LAKE FOREST, Ill. -- Mike Martz had his doubts, too.
Out of coaching and pushing 60, he was wondering if he would get another chance when the Chicago Bears hired him last winter to be coach Lovie Smith's offensive coordinator -- a move that raised more than a few eyebrows.
Now, the Bears are headed back to the playoffs for the first time in four years after orchestrating a dramatic turnaround and capturing the NFC North.
It's been a pretty big comeback for Martz, too, even though he insists he wasn't necessarily looking to reinvent himself.
"I just was excited about coaching again," he said. "I thought that maybe I might be done, was enjoying the TV thing a little bit. It was really good. It was a great opportunity to get back together with Lovie and (defensive coordinator) Rod (Marinelli), people you care about and respect, and be part of the Bears organization."
Not everyone was so optimistic about Martz's arrival.
Many wondered how he would get along with Jay Cutler, the quarterback he had criticized as an NFL Network analyst last season, and whether Cutler would get flattened because of a weak line and a system that called for deep drops. There were questions about whether Martz's pass-happy schemes would mesh with Smith's get-off-the-bus-running mentality. Some saw the potential for a debacle, and even the Bears seemed to hedge a bit before turning to him.
Nearly a month passed before Martz was hired to replace Ron Turner, making him Smith's third offensive coordinator in seven years, but Martz's selection wasn't a complete surprise.
After all, he hired Smith as the Rams' defensive coordinator in 2001 when he was the head coach and has a history of getting the most out of quarterbacks.
The most notable, of course, was Kurt Warner, who went from stocking grocery store shelves to a starring role in the "Greatest Show on Turf" in St. Louis.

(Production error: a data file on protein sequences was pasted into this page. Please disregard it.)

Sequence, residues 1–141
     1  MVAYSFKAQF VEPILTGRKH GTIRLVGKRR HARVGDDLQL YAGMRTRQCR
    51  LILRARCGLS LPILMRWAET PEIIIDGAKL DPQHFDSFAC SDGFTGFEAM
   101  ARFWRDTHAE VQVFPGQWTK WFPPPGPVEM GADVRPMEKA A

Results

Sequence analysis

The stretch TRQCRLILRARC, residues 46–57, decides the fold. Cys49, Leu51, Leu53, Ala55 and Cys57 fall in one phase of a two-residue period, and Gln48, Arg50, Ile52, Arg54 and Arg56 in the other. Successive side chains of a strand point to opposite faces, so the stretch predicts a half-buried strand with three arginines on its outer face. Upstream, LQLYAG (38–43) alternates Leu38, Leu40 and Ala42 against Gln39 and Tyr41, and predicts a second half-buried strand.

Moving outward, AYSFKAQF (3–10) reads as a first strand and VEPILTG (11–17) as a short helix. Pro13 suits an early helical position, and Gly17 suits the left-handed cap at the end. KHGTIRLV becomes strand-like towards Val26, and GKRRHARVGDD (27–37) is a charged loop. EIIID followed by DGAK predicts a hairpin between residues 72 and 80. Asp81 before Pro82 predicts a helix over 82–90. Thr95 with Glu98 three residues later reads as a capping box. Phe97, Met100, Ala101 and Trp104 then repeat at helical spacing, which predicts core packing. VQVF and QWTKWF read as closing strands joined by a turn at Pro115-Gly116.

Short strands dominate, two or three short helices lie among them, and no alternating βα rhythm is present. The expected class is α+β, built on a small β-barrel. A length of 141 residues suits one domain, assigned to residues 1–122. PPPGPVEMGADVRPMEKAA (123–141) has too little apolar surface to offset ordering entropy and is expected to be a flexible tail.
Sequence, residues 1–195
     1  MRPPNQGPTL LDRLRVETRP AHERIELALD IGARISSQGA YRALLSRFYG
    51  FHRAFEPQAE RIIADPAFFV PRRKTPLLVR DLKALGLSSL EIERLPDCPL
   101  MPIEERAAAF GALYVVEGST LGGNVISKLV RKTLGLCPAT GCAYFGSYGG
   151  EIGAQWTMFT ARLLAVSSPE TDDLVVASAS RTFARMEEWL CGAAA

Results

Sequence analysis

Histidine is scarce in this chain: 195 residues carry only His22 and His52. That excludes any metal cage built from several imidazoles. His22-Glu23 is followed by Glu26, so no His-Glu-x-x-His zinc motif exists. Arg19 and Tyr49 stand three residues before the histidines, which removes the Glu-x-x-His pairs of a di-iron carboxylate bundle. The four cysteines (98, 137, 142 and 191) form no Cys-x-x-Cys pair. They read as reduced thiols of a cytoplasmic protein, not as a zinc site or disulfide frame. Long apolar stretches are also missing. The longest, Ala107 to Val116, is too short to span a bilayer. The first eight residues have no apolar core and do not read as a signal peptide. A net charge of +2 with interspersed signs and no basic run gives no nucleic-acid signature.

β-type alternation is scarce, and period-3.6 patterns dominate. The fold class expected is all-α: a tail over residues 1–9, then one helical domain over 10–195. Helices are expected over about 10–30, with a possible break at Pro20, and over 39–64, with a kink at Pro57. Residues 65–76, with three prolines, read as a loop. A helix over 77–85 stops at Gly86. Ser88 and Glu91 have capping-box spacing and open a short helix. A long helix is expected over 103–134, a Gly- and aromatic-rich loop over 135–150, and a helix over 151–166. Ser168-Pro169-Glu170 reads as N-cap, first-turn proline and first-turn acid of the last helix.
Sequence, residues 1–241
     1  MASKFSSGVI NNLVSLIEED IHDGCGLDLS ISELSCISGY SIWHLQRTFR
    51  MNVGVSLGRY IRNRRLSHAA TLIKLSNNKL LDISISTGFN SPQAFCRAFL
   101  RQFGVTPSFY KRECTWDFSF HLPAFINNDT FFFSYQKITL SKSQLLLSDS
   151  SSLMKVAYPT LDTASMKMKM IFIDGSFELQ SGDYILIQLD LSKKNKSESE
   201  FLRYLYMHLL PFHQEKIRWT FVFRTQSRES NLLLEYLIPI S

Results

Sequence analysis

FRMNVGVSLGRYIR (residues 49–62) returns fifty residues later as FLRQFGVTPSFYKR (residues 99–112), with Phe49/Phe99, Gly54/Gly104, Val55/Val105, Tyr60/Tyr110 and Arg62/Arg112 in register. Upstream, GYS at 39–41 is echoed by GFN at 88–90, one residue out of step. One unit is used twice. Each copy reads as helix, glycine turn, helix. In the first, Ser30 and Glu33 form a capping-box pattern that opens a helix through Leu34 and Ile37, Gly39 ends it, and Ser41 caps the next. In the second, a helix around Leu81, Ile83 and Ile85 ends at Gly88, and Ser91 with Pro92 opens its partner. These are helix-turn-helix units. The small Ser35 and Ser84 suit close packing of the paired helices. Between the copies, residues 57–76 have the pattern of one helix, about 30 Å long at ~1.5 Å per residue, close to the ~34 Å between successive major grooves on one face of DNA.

He became known for a confidence that bordered on arrogance, and that reputation stayed with him through stints as offensive coordinator in Detroit and San Francisco.
"Flexible has probably never been a word that's been associated with my name," Martz said.
Maybe now, that will change because the Bears (10-4) made some big adjustments that might have saved their season. They had dropped three of four heading into their bye and looked more like a team headed toward another long offseason than the postseason, but here they are, getting ready for their first playoff appearance since the 2006 team's Super Bowl run.
They have won six of seven heading into this week's game against the New York Jets in part because of the changes on offense.
"He's still doing what he does," Cutler said. "It's hard to change 20, 30 years of coaching and offensive philosophy in six games, but to his credit, he's been very flexible. He understands in games, when things are going in a different direction that we need to make a change. We're still putting everything we need to put in each week, but on game days is when he gets really flexible. If I come off the sideline and I see something, or if he sees something he'll notify me. It's been a good relationship so far."
Tight end Greg Olsen said the offense is "by no means" a finished product, but it is in better shape.
Whether Martz had a revelation during the bye or got a nudge from above, the Bears went away from having Cutler take deep drops. They committed more to the running game. They're moving Cutler around, and he's taking fewer big hits after getting flattened in the early going.
Martz's stock might be rising again, too. He even acknowledged this week that he would like to get another shot as a head coach. If not, he's perfectly happy where he is.
"I think we all mature," Martz said. "I've probably matured later in life than a lot of guys. I'm not there yet. I think we all change and grow with different situations. As you get older, there are things that don't upset you or you react to as quickly as maybe you did early in your career."
Notes: Wide receiver Earl Bennett sat out practice with an ankle injury while linebacker Pisa Tinoisamoa (knee) went on a limited basis.
Copyright 2010 by The Associated Press